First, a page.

Managing the impact of growing CPU register state on the user ABI

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Refereed Presentation
Scheduled: Friday, September 15, 2017 from 2:50 – 3:35pm in Platinum D

One Line Summary

Extending the user/kernel ABI to cope with increasingly large and numerous CPU registers turns out to be non-trivial, yet CPU architectures are already evolving to require it. How do we minimise ABI breakage?


There is an ongoing trend to increase the number and size of user-accessible CPU registers as architectures evolve. ARM SVE 1 and Intel AVX-512 2 are recent examples.

Many parts of the user/kernel interface that describe CPU register state are straightforward to extend, but there are some pain points — in particular, the signal frame and related APIs (sigaltstack, threading APIs, ucontext etc.)

To size stacks correctly, userspace needs to know how much space the kernel will use to push the signal frame when delivering a signal. This becomes particularly important in many-threaded environments where allocating a giant slab of VA space for each thread stack may not be acceptable, or when using sigaltstack or the ucontext API.

struct sigcontext (which defines the signal frame layout) and struct ucontext (which typically embeds sigcontext) are also ABI and not trivially extensible.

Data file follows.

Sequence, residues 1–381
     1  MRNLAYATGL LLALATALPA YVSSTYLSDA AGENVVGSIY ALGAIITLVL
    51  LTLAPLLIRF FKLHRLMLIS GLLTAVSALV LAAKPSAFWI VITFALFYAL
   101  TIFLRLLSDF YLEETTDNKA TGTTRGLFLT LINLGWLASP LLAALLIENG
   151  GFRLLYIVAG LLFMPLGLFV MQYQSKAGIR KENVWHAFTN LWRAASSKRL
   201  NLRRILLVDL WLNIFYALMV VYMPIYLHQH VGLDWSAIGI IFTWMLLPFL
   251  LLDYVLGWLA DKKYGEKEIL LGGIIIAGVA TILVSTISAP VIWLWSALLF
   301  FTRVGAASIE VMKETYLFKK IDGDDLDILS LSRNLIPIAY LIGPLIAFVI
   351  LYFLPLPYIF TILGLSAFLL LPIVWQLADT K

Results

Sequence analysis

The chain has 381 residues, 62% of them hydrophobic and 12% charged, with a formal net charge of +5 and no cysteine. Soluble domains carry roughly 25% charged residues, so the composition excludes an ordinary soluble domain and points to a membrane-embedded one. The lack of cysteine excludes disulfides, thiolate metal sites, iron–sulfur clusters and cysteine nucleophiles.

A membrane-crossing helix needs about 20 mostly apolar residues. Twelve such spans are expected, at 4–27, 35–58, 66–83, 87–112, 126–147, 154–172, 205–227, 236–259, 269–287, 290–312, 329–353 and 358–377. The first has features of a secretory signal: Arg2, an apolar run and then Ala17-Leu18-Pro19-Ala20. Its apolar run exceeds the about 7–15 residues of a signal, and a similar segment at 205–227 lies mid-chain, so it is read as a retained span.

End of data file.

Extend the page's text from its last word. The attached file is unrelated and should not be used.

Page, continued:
There is a traditional POSIX answer (or two) for the size of the signal frame: the MINSIGSTKSZ and SIGSTKSZ #defines 3. Because they are #defines, these get baked into all userspace programs at compile time, and form part of the ABI.

Initial arch guesses for MINSIGSTKSZ seemed generous initially, but can turn out to be unlucky: for example, SVE massively grows the SIMD vector registers, but leaves the exact number of vector lanes as a hardware implementation choice: this means that saving the SIMD vector registers in the signal frame may require a lot more space in the maximum case than in the typical case. As it happens, the arm64 signal frame overflows well before the maximum SVE vector size is reached. Worse, the architecture also leaves open the possibility of growing the maximum vector size further in the future.

MINSIGSTKSZ could be increased but this is still an ABI break, and it is unclear what it should be increased to in this case. This also doesn’t solve the underlying extensibility problem.

This presentation will outline the problem, and I will describe the current approach proposed for SVE and arm64 to mitigate the ABI impact of extending the signal frame. However, this approach may miss issues that need to be taken into account in order to be usable across multiple architectures.

Ideally, the solution should not be wholly arch-specific. If we can come up with a common approach, this also gives more force to adoption of a better interface in POSIX/libc land.

1 ARM Scalable Vector Extension

2 Intel AVX-512

3 sigaltstack(2)


kernel, signal, ABI, vector, simd

Presentation Materials



  • Biography

    Dave Martin is a Staff Engineer at ARM where he has worked on low-level hacking on various FOSS projects since 2009, from contributing to Ubuntu’s migration to modern ARM platforms, through working via Linaro since its inception on various ARM userspace plumbing, to the kernel, where he now contributes as part of ARM’s kernel team.

    For the last couple of years he has been enabling new corners of the arm64 architecture including adding upstream support for ARM’s next generation of vector extensions (which turn out to be far from boring in their ABI implications).